As the wage floor rises, there is always a danger that more people will slip through the cracksby Sarah O'Connor / January 30, 2019 / Leave a comment
You know a policy is successful when its former opponents steal it. The UK’s minimum wage law is a perfect example: introduced by Labour in 1998 at a cautious level, it has been seized on and supercharged by the Tories in the last few years. In an otherwise sluggish economy, the employment numbers have been surprisingly buoyant, and the big issue has switched from the quantity of work to its sometimes dubious quality. Raising the wage floor seems a fitting response to that. But to improve working life at the bottom of the labour market, it’s not enough to just make laws. You also have to enforce them.
There is no doubt the rising minimum wage has boosted pay for millions. Most employers, after all, do what they are told. But consider Leicester as a window into the policy’s patchiness. More than a thousand factories crammed into subdivided old buildings are supplying the UK’s booming online “fast fashion” retailers. I found in an investigation last year that the going rate of pay in many such places is about £4.25 an hour, far below the legal minimum for over-25s of £7.83. The illegality in the sector is so brazen that workers have concluded that no one is serious about their rights. “The government knows what’s happening in Leicester,” one worker said bleakly. “And that’s it. They don’t do anything.” David Metcalf, the government’s Director of Labour Market Enforcement, concurred in a report last year that lack of effective enforcement in Leicester had created a “perceived culture of impunity.”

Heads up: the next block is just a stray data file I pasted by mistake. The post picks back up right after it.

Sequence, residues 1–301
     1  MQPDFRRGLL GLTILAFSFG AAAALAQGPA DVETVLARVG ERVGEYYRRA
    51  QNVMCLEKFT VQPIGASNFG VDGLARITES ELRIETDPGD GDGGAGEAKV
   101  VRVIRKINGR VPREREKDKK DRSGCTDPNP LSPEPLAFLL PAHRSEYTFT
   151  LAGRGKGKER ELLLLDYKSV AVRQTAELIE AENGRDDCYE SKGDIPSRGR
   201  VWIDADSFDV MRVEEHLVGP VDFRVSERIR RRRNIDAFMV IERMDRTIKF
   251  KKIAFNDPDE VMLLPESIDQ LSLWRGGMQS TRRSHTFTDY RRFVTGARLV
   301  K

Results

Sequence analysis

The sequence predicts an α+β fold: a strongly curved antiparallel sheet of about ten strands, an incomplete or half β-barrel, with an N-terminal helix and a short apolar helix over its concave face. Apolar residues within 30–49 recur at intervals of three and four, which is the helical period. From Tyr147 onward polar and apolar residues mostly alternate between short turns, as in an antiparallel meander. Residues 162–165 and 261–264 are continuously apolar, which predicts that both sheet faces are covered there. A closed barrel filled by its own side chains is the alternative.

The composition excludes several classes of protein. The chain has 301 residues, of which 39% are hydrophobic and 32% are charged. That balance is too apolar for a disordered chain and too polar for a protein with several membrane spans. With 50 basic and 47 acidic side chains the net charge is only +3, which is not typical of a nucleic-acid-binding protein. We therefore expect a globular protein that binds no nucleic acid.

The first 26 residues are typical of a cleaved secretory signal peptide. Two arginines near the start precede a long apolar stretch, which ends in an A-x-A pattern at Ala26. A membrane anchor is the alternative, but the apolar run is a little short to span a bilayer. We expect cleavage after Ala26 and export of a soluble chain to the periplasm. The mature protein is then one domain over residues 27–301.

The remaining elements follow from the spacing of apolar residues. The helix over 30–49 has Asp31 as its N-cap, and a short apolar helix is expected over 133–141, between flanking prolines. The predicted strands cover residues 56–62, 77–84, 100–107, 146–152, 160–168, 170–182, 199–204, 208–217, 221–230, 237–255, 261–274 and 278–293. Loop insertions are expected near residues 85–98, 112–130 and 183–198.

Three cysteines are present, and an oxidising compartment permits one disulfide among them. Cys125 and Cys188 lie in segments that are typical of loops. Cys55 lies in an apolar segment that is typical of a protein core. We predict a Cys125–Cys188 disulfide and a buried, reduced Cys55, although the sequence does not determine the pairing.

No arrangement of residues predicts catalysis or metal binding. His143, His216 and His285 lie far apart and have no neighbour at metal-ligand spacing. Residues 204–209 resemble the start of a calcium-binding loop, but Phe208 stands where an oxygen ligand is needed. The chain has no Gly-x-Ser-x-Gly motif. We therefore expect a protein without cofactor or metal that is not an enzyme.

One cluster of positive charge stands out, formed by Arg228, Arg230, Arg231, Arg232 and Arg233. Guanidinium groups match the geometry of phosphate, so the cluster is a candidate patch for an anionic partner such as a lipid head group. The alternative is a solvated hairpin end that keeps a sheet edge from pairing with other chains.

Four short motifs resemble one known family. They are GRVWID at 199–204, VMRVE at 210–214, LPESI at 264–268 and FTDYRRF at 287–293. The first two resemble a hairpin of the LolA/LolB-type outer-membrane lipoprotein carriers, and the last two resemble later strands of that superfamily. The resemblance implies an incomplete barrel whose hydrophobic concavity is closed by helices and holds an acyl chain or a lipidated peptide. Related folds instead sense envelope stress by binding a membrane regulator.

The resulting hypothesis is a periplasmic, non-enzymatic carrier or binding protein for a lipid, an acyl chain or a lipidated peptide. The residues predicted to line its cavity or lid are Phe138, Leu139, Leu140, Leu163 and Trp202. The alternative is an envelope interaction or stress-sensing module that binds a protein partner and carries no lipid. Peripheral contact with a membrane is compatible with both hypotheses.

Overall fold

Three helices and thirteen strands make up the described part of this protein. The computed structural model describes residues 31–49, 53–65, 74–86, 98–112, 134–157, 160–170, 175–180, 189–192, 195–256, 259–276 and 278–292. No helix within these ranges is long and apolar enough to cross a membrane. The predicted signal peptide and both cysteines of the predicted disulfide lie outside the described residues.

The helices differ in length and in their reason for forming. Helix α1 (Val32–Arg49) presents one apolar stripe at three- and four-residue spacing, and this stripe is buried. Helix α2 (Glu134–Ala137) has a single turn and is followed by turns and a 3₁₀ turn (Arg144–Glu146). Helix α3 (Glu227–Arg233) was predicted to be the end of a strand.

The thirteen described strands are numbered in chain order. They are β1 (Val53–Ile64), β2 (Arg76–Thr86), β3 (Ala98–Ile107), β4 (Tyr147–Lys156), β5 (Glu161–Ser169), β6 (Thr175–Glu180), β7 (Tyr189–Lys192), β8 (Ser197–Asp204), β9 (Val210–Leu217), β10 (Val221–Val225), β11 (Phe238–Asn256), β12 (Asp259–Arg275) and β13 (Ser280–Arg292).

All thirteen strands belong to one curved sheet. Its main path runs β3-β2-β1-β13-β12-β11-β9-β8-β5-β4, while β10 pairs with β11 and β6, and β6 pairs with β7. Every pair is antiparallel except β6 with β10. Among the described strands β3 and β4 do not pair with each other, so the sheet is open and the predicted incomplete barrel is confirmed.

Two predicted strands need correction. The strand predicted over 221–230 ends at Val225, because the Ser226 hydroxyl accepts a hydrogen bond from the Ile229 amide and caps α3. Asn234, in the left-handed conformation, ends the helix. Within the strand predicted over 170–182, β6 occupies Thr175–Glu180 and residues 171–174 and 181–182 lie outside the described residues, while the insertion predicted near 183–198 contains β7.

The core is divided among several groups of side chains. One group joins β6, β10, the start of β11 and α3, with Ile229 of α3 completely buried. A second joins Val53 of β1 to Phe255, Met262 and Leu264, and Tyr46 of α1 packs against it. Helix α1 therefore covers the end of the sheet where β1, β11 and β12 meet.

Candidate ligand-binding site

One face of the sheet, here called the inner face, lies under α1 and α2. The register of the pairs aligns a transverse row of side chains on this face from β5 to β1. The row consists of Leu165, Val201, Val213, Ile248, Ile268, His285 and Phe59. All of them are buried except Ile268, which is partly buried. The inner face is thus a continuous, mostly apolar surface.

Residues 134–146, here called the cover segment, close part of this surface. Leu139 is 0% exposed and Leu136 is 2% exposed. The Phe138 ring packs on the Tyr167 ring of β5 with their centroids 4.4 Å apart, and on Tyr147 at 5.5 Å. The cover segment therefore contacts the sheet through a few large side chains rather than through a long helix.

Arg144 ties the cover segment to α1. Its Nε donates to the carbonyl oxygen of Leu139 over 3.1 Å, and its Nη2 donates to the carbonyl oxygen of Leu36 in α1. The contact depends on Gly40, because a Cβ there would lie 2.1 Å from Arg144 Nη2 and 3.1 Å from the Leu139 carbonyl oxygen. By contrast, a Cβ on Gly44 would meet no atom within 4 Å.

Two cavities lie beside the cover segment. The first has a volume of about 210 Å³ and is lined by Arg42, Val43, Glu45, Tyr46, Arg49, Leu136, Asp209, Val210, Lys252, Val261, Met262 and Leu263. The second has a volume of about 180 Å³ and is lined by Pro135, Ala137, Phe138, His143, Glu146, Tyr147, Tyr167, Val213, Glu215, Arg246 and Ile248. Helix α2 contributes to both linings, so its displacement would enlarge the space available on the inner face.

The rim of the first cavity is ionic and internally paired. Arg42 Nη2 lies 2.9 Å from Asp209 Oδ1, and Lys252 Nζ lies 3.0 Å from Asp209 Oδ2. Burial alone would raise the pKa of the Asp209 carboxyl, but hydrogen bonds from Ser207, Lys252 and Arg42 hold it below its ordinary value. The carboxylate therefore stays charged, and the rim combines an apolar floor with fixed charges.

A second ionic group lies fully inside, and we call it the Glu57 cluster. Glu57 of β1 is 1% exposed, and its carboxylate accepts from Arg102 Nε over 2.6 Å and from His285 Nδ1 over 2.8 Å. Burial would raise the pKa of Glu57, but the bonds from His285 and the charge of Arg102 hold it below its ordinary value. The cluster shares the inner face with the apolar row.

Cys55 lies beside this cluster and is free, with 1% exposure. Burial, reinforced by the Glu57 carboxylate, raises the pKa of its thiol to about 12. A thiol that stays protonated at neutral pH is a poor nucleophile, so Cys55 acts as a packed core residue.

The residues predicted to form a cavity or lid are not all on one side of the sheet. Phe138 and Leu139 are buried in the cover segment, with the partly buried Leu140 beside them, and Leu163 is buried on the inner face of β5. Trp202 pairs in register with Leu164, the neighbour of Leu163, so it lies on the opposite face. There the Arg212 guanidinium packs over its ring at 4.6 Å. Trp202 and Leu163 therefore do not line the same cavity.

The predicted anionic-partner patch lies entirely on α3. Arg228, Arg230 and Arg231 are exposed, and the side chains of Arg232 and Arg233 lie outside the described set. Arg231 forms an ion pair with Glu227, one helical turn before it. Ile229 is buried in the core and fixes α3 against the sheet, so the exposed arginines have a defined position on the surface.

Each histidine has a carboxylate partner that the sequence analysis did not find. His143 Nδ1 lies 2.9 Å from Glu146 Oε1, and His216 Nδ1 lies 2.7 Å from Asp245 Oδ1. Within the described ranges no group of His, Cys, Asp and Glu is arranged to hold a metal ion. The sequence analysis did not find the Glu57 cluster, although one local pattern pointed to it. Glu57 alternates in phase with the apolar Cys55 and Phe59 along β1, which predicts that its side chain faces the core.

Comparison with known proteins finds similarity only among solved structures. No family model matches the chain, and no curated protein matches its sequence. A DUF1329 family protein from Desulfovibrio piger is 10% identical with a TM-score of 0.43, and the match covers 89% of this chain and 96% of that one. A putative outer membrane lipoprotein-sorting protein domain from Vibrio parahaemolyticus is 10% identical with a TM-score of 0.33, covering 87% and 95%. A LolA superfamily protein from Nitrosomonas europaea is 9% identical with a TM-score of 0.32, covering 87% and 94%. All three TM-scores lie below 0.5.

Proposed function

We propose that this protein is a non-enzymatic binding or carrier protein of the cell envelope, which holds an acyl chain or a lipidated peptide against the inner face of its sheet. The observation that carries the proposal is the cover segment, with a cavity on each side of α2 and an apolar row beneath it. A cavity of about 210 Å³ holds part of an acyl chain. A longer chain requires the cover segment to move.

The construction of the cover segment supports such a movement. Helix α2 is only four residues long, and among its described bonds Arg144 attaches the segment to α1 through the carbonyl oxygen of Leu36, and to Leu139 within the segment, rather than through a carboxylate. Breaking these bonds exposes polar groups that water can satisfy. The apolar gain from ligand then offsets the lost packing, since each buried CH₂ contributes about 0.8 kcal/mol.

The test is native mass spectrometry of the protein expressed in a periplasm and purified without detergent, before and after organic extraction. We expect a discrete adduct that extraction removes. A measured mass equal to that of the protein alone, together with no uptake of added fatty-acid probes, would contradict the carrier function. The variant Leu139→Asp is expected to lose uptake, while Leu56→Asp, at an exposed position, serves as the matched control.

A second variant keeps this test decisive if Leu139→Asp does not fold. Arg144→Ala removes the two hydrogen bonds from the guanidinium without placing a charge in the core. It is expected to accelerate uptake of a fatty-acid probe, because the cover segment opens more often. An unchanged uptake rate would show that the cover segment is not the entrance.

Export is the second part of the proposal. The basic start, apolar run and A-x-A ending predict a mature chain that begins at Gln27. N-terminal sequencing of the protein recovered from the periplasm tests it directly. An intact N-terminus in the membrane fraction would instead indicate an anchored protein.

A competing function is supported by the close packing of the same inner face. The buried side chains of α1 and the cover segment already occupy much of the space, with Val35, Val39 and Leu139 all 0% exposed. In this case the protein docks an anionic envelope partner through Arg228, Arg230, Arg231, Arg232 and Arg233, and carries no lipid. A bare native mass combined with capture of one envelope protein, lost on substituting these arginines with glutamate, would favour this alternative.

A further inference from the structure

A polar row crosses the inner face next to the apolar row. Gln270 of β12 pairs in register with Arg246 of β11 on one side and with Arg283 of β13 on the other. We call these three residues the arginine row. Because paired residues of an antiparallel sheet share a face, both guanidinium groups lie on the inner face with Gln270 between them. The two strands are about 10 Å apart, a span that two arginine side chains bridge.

Sub-minimum wages are far from rare in the UK. The Low Pay Commission estimated in 2017 that somewhere between 13 and 20 per cent of low-paid over-25s were receiving less than the supposed floor. The government has committed to raise the rate ambitiously until at least 2020. Indeed, this is its flagship policy to boost living standards for the working poor. It has also upped funding for HMRC, which is responsible for enforcement, and expanded the powers of the Gangmasters and Labour Abuse Authority.
But as the wage floor rises, there is always a danger that more people will slip through the cracks. Decent enforcement comes down to two things: resources to fund inspections and investigations,…